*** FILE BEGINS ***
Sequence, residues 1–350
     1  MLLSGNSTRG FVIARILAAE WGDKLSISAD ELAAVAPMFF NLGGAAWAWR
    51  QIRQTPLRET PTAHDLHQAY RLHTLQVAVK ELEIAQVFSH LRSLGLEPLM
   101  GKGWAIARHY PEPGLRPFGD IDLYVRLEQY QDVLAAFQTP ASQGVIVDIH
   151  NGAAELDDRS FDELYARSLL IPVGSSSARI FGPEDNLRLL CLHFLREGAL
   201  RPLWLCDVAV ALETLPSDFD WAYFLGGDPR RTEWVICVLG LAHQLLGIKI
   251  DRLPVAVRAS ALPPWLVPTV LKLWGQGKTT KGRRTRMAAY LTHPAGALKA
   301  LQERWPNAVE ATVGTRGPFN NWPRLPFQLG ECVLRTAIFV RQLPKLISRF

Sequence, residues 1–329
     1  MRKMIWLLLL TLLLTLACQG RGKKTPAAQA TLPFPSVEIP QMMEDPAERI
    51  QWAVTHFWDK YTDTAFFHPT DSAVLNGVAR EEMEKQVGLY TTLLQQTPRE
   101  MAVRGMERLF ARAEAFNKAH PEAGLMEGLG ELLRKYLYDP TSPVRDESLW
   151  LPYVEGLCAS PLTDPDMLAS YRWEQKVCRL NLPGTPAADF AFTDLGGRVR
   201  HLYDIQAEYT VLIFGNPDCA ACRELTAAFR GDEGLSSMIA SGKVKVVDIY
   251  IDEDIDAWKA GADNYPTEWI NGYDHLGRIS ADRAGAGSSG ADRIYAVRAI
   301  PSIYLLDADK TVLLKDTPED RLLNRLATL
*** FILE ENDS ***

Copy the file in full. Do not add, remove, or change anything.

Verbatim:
Sequence, residues 1–350
     1  MLLSGNSTRG FVIARILAAE WGDKLSISAD ELAAVAPMFF NLGGAAWAWR
    51  QIRQTPLRET PTAHDLHQAY RLHTLQVAVK ELEIAQVFSH LRSLGLEPLM
   101  GKGWAIARHY PEPGLRPFGD IDLYVRLEQY QDVLAAFQTP ASQGVIVDIH
   151  NGAAELDDRS FDELYARSLL IPVGSSSARI FGPEDNLRLL CLHFLREGAL
   201  RPLWLCDVAV ALETLPSDFD WAYFLGGDPR RTEWVICVLG LAHQLLGIKI
   251  DRLPVAVRAS ALPPWLVPTV LKLWGQGKTT KGRRTRMAAY LTHPAGALKA
   301  LQERWPNAVE ATVGTRGPFN NWPRLPFQLG ECVLRTAIFV RQLPKLISRF

Sequence, residues 1–329
     1  MRKMIWLLLL TLLLTLACQG RGKKTPAAQA TLPFPSVEIP QMMEDPAERI
    51  QWAVTHFWDK YTDTAFFHPT DSAVLNGVAR EEMEKQVGLY TTLLQQTPRE
   101  MAVRGMERLF ARAEAFNKAH PEAGLMEGLG ELLRKYLYDP TSPVRDESLW
   151  LPYVEGLCAS PLTDPDMLAS YRWEQKVCRL NLPGTPAADF AFTDLGGRVR
   201  HLYDIQAEYT VLIFGNPDCA ACRELTAAFR GDEGLSSMIA SGKVKVVDIY
   251  IDEDIDAWKA GADNYPTEWI NGYDHLGRIS ADRAGAGSSG ADRIYAVRAI
   301  PSIYLLDADK TVLLKDTPED RLLNRLATL